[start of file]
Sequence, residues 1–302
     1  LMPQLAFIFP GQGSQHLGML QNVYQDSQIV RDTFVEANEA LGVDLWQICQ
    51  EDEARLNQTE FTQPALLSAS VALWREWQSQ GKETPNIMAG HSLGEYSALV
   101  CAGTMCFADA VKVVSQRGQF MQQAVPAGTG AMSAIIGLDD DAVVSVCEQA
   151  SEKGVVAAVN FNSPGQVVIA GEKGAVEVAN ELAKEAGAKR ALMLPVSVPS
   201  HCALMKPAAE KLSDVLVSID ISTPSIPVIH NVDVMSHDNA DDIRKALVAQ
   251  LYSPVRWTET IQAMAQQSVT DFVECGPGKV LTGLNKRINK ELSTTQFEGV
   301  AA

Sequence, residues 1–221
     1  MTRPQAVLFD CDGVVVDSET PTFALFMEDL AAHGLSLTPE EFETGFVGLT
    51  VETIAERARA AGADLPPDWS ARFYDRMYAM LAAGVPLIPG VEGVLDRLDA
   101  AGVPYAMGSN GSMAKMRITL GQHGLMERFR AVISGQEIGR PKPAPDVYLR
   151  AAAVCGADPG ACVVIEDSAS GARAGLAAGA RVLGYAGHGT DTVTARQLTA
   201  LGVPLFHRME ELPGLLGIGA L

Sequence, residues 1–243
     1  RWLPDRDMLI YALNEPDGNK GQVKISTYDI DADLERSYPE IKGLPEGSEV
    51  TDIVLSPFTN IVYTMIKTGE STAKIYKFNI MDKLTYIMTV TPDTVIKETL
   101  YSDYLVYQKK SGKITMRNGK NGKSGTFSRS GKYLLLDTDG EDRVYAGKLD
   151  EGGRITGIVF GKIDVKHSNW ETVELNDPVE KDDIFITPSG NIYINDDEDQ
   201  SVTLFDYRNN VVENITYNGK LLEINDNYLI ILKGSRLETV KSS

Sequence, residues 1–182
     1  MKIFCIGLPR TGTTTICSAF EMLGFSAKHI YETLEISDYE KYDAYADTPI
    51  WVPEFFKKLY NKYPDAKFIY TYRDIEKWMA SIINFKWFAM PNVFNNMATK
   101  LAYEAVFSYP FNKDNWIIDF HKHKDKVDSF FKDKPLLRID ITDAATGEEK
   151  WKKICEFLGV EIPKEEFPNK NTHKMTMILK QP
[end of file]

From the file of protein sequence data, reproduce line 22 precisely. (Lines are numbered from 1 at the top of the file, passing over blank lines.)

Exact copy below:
     1  MKIFCIGLPR TGTTTICSAF EMLGFSAKHI YETLEISDYE KYDAYADTPI